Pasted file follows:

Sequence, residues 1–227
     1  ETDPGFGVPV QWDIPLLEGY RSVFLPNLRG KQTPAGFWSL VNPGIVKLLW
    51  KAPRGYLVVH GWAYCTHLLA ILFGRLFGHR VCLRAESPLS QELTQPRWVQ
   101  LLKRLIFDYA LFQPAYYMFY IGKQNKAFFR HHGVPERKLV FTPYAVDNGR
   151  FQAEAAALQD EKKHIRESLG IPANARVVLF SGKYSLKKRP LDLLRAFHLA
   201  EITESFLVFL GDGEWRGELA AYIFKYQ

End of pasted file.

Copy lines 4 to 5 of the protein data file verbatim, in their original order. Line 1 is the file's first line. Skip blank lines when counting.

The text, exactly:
   101  LLKRLIFDYA LFQPAYYMFY IGKQNKAFFR HHGVPERKLV FTPYAVDNGR
   151  FQAEAAALQD EKKHIRESLG IPANARVVLF SGKYSLKKRP LDLLRAFHLA